We removed Grandpa’s flag-draped coffin from the hearse and carried it to its resting place while the color guard stood in salute. At the exact moment the interment ceremony began, quite by happenstance, an Air Force jet flew low and overhead. Our family likes to think that we have a number of friends, but we certainly don’t have the military connections to secure an Air Force flyby. We had a good laugh later when folks asked how we managed to do it.

Although it was not planned, I viewed the flyover as a special nod from God, and perhaps from Papa himself, and made my peace. If anyone could talk the Lord into sending a jet over for his service, it would be him. It may seem like a cheeky ask of God during Papa’s first few days in heaven, but I wouldn’t put it past him to find a way to comfort a broken-hearted grandson like yours truly.

When the guns blazed in salute and as taps played in the distance, I internalized the fact that Papa was gone. As we lowered him into the ground, there were still plenty of tears. Even from me. But when the final spade was turned and his body buried, I couldn’t help but smile a bit wistfully.

Papa had gotten a hero’s farewell after all.

 

A Dispatch from New Zealand


The Tukorehe Marae is an unprepossessing structure. Nestled behind a grove of lush palm trees, its paint is gradually fading, unveiling layer upon layer of cosmetic efforts past. The predominance of white paint is strong in the front. But in the back, it yields to flecks of salmon, and some of the wood has worn itself bare.

Our host at the marae is a man named Shawn, or “Papa Shawn,” as the kids call him. And while he’s hardly the garrulous sort, he clearly loves this place – a place that he simply calls home. 
Māori in New Zealand often call a particular “mare,” such as this, home. For the descendants of Tukorehe, a Māori ancestor from the distant past, this marae is theirs, carrying with it all the trappings of ownership as if they had helped Tukorehe himself hew the logs that support its roof. 
By way of explanation, the focal point of the marae grounds is the meeting house, or wharenui, which resembles a small wooden chapel that congregations in the Southern United States might have used over a century ago. However, far from practicing Christianity, Māori consider their meeting houses to be the living iteration of their ancestors. Photos of deceased relatives line the wooden walls of the wharenui, each ancestor looking after the occupants in a very literal and symbolic way. The walls themselves are ornately decorated with wood carvings and flax tapestries that tell both the exploits of the ancestor, as well as the philosophy/theology that undergirds the Māori worldview.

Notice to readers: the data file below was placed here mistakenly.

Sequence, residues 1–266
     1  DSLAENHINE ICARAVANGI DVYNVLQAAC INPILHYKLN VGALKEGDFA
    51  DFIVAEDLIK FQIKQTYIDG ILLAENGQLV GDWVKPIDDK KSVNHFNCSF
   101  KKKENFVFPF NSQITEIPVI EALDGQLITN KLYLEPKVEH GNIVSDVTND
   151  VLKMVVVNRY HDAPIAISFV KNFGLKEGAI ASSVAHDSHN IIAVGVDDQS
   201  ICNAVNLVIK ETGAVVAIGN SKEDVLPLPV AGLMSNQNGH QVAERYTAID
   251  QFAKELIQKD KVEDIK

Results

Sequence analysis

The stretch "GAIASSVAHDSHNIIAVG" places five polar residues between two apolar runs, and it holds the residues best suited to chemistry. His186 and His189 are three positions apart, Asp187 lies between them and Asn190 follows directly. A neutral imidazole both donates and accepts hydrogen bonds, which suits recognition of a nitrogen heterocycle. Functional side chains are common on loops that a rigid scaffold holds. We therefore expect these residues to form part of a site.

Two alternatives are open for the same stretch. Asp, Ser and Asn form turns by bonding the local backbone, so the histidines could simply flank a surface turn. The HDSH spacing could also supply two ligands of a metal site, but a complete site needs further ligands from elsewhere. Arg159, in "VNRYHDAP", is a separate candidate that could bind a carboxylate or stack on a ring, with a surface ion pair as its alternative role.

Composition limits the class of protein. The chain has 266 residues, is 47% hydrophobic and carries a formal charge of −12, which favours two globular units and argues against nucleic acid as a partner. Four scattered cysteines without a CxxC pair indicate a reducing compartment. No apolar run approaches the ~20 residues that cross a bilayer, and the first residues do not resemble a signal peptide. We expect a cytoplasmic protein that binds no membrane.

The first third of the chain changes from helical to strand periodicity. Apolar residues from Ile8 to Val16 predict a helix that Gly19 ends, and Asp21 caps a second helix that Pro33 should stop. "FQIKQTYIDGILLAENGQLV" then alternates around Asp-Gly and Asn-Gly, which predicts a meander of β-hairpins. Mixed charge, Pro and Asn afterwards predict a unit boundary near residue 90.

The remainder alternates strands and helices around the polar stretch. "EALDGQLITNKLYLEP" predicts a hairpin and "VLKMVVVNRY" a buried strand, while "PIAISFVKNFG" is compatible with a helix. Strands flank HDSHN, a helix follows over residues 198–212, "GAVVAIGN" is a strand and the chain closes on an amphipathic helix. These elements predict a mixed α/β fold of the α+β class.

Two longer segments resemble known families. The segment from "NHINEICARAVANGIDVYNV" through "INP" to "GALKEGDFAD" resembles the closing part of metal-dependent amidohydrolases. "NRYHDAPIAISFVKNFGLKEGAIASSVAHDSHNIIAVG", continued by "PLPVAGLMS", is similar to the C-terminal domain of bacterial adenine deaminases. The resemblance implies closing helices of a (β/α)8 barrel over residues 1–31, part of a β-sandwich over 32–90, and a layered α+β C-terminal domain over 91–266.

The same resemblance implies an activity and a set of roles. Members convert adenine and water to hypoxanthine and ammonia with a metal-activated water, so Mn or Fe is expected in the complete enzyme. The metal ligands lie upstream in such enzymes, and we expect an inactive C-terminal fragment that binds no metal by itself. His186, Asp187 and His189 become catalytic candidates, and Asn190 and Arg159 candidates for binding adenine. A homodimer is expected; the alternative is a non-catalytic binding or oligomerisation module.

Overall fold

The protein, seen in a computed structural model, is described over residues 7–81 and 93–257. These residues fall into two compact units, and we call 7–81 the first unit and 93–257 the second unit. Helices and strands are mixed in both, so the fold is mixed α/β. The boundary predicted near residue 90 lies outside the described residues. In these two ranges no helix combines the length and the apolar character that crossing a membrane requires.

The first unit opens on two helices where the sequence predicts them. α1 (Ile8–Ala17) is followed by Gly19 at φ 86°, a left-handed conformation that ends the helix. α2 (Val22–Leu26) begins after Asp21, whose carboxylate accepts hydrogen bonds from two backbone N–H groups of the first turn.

The marae, then, is not so much a chapel as it is a cenotaph dedicated to the presence of the absence of ancestors who never truly left to begin with. 
If there’s a nugget of wisdom I’ve gleaned from the complexities of the Māori cosmology (one I will, admittedly, never fully understand), it’s that they do community rather differently than we do in mainstream America. 
I won’t say it’s better, because I’m not sure it is. But it is different, and special. 

The first difference is the Māori emphasis on all things communal. Sleeping in the marae, for example, is a wholly collective affair. The end result is that our group of ten from the University of Wyoming have spent the past three days sleeping in the wharenui, sharing snores, showers, and sleeping patterns alike. This is, of course, a stark contrast to America where privacy is the order of the day, no matter how much the NSA might say otherwise. 
The second difference is in the Māori emphasis on social extroversion. Back home, my normal routine involves quiet, reflection, dedicated time for writing, and the occasional game of Call of Duty
For Māori, nearly every interaction is focused on the shared, lived experience of family or whanauFamilies and extended families all come in equal turn on the marae, sharing meals, entertainment, and social activities in common. Needless to say, this American’s time for reflection has been almost non-existent, and in all honesty this has taken its toll on my frazzled nerves. It seems I crave quiet in the same way Māori crave togetherness. I suppose both the individual and the collective have their place and needs. 
Of course, I knew all of this coming in. The marae was never a mystery to me given the year/plus that Gwyn, Clark and I lived in New Zealand. But perhaps the difference on this trip is the presence of the absence of my own whanau. While the Māori ancestors look after us from behind their frames in the wharenui, my own family is ensconced miles across the mighty Pacific, visiting family back in Indiana. 
It seems this is the real lesson from Māoridom. There’s precious little that’s more important than family.  Of course, we all take this to different extremes. 

Silence, God, and Fish

Flowers Beside the Lake